The Democratic presidential primary race is over. Former vice president Joe Biden is set to square off against President Trump. Now attention shifts to the other major battle this fall: which party will control the US Senate.
With less than 200 days before the general election and with the latest fund-raising reports in last week, a Globe analysis of key Senate races around the country finds both parties have reasons to feel good and be concerned.
Structurally, Republicans have an advantage. There are 35 Senate seats up this fall and Republicans currently control 22 of them. This shows these states have voted Republican before and many of their candidates this year have the power of incumbency.
Democrats, meanwhile, have momentum. They did a good job convincing their top-tier recruits to run in key races. Democratic challengers are doing well in recent polling. They have also raised more money than Republican incumbents for the first three months of 2020 in Arizona, Maine, South Carolina, Montana, Colorado, North Carolina, and even bested Senate Majority Leader Mitch McConnell in Kentucky.
In the scheme of national politics the Senate matters a great deal. Even Republicans concede that the House of Representatives will likely stay in Democratic control and while Biden is currently leading Trump nationally and in key swing states, it is anyone’s guess on how that shakes out.
This means if the Democrats take the Senate, they have the chance to run all three parts of national lawmaking. If, however, Republicans retain the Senate then it will either serve as a bulwark against full Democratic control or, if Trump is reelected, the chance to further create further impact on the federal court system for a generation or more.
Because of the role the vice president plays in casting a tie breaking vote in the Senate, Democrats need to either flip three seats if Biden wins the White House or four seats should Trump win reelection.
If you follow all of the non-partisan analysts who track Senate elections there is a case that 15 of the 35 are remotely interesting enough to track. But in reality there are 10 that certainly demand attention.
Here is how to think of those races:
Tit for tat
Of the crucial three or four flips for Democrats, one is certainly going their way: Arizona. While this race features a Republican incumbent in a Republican-leaning state, the reality is that Senator Martha McSally actually lost her last race for Senate in 2018. She was appointed to the job by a Republican governor to fill the seat held by John McCain, who died in office.
Democrats recruited Mark Kelly, an astronaut and husband to former Arizona congresswoman Gabby Giffords, who was shot during a constituent town hall near Tucson in 2011. The pair have led a national organization for gun safety in the wake of Giffords’ recovery.
Kelly has led McSally in polls since the fall. He nearly doubled her fund-raising amount in the first three months of 2020.
While Democrats can feel like they have one their pocket, Republicans point to Alabama and say they have a pickup opportunity of their own.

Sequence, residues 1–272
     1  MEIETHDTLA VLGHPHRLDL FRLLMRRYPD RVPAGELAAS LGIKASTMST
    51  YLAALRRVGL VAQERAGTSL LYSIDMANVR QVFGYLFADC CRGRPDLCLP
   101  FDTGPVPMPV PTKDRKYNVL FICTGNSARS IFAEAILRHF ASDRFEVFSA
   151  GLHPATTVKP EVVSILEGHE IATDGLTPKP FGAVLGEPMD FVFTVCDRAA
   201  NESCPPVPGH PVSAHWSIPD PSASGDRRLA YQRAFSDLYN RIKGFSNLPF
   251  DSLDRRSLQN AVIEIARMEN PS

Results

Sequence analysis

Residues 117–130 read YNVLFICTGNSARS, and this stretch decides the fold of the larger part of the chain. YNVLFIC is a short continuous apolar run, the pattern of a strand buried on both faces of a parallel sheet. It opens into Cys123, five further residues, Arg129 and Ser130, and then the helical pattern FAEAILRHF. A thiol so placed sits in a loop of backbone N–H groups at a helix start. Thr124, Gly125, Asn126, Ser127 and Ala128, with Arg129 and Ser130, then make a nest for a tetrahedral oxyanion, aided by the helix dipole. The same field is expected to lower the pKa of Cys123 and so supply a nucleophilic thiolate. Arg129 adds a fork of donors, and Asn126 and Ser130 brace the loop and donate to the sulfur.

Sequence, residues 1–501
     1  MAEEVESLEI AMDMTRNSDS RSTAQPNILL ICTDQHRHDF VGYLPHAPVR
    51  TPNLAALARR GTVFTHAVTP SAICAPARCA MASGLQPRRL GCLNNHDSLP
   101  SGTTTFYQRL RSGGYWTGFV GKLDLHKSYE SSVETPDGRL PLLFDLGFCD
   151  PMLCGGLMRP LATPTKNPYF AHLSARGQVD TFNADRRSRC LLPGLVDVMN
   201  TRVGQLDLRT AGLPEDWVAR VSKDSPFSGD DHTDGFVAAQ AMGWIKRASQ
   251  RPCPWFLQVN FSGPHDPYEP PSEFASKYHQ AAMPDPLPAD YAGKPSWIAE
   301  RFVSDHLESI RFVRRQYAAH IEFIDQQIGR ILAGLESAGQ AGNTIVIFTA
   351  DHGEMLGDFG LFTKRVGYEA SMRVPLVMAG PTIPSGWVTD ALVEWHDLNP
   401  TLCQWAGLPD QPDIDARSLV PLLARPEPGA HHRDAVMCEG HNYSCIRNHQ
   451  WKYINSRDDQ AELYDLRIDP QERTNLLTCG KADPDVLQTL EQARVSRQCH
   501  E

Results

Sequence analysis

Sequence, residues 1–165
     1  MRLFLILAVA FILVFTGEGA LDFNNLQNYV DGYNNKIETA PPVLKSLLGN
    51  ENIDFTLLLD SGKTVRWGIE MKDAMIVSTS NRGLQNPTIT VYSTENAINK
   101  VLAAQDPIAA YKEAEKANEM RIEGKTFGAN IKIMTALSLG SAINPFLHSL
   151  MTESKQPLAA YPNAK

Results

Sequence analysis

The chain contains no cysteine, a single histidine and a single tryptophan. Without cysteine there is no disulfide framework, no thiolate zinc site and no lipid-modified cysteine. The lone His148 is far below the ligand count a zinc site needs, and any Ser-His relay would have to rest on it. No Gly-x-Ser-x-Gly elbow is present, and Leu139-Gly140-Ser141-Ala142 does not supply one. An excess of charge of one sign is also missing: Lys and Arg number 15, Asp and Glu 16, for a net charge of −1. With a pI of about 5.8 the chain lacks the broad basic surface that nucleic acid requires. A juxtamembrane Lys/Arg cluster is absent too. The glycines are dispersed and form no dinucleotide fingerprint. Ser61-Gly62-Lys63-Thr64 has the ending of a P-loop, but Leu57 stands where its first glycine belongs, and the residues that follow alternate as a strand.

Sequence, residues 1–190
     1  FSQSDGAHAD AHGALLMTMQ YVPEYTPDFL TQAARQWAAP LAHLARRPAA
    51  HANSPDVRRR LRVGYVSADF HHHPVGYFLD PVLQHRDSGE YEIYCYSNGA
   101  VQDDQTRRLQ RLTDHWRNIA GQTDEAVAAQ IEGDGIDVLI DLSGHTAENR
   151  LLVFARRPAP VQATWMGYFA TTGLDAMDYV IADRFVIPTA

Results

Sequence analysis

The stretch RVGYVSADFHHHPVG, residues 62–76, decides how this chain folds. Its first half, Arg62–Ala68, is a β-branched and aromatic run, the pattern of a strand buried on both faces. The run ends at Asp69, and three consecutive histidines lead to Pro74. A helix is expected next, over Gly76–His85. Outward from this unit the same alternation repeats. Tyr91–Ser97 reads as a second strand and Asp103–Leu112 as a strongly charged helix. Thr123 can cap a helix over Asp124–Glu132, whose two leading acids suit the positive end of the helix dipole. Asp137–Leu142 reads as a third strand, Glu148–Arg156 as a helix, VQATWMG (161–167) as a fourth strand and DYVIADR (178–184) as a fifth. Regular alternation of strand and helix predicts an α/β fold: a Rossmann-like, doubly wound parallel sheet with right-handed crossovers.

There Democratic incumbent Doug Jones won a wild race just two years ago against Roy Moore, who was accused of sexually assaulting teenagers when he was in his 30s. Alabama, of course, is GOP country. It is also college football country. Former Auburn University football coach Tommy Tuberville faces former US attorney general Jeff Sessions (a one-time holder of this seat) in a July Republican primary run-off. Either way, recent polling found that both would easily beat Jones.
Where the action is the most intense
There are four states where all of the action is right now, and all have Republican incumbents: Maine, North Carolina, Colorado, and Georgia. Georgia is so bananas it gets its own category below.
The main takeaway from the first three states is that the Democrats got their top recruits. They are moderate. They are well funded. And they all are reasonable alternatives to the Republican incumbents should voters decide to be open to scrapping the incumbent.
In North Carolina, the Senate Democrats’ preferred candidate, Cal Cunningham, a former state legislator and veteran, made it through the primary against a more liberal challenger. The most recent poll has Cunningham up seven points over Republican incumbent Thom Tillis, but other polls generally have Tillis up in a very tight contest.
Maine features a race that will easily be the most expensive in state history. No Republican has suffered more in their home state under the Trump administration than Senator Susan Collins. She went from one of the most beloved senators to one of the most underperforming, at least in terms of polling. Democrats recruited state House Speaker Sara Gideon, who has raised $7.1 million in the first quarter, outpacing Collins, who raised $2.4 million. (Collins had a head start and has more cash on hand, but that gap is closing.) This will easily by the marquee race in New England in November and there is scant polling, but Gideon seems to lead just outside of the margin of error.